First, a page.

The Compaq Aero is a keyboardless device that has about the same footprint as a Palm Pilot. Compaq dealt with the differences between users by making the Aero available in two different designs. The first is an extremely thin (about 1/4 inch) and light device that is smaller than a Palm V but sports a very bright color screen. The second is a heavier device, over 1/2 inch thick but the same size in the other dimensions. This one has all the bells and whistles - a CF slot (the emerging standard for expansion cards smaller than PCMCIA) for which they offer the IBM miniature 340MB hard drive, an embedded MP3 player, a voice recorder, and other features I didn't take particular notice of. Both units are well shaped, with the edge in hand-friendliness going to the wasp-waisted and far lighter small unit. But the added capabilities of the larger Aero are hard to pass up. I don't think either one will lure away any Pilot users, but neither one is likely to end up as shelfware. These are both solid, usable designs.
HP takes the opposite approach with the Jornada. This is a line of keyboard-based systems that is targeted more as a small, limited-function PC than as a companion like the Aero. The keyboard makes the system more usable than the Compaq models, but the size is too big to fit in a pocket, and too small to compete with larger CEs like the Vadem Clio as a platform for heads-down work. The tradeoff of size for features makes it less likely that the Jornada's owner will always carry the device everywhere, the way many Pilot users do.
HP may not have built the best CE device at the show, but its CEO, Carly Fiorina, gave a terrific keynote speech this morning outlining the company's new strategy. It was one of three good sessions I attended today.
After introducing herself with a video that culminated in the question "what's your e?", Ms. Fiorina got down to business. HP's job in rebuilding itself, she said, is to return to its roots as a creator of revolutionary, but practical, new technology products. Not surprisingly, she focused her talk on the Internet and HP's opportunity in it. She listed three key areas in the Internet space, and claimed HP is the only company positioned to play in all three:
· e-services: Fiorina made her point strongly and often that, in the new economy, products are primarily a way of packaging services. She gave a number of examples, some of which tied in HP's pervasive computing initiatives. She also made one of her major announcements in this area, declaring that HP will release the source code for eSpeak, the core of their pervasive computing architecture, to the public on December 8th. HP's goal is to have eSpeak become a "universal translator" of Internet services to any device from handheld information appliances to automobiles to legacy laser printers.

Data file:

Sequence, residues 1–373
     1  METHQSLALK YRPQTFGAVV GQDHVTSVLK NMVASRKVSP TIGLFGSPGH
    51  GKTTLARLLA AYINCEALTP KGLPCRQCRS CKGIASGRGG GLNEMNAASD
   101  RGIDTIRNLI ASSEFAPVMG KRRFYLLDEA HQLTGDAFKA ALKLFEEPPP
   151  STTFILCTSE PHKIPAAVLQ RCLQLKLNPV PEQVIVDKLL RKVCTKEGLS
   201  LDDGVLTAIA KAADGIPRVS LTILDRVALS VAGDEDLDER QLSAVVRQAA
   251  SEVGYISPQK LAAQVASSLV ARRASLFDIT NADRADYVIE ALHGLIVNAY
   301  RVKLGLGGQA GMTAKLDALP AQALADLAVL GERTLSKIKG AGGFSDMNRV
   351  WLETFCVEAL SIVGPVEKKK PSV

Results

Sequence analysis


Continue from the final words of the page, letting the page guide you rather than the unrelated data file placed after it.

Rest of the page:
HP will use its hardware expertise to develop both information appliances and
the underlying circuitry to enable them. These devices will take on new and
different forms and do things we don't even think about today. HP's goal is to
create embedded circuitry as small as a few molecules thick for connecting
devices to the Internet. In doing so, they should make it possible to turn
virtually anything into a smart object.
Fiorina used this part of her presentation to announce a new hardware partnership. They will be working with Swatch to create the first Internet-enabled wristwatch. As she made that announcement, six thousand people mentally started their Christmas lists for 2000.
· Infrastructure: HP will build on their experience and market position in the server arena to create the back end infrastructure for pervasive computing. She reiterated the fifteen year old HP vision for pervasive computing - "as available as oxygen, as reliable as the sun, as invisible as radio waves" - and sees the need for a network architecture that can support billions of devices and trillions of transactions.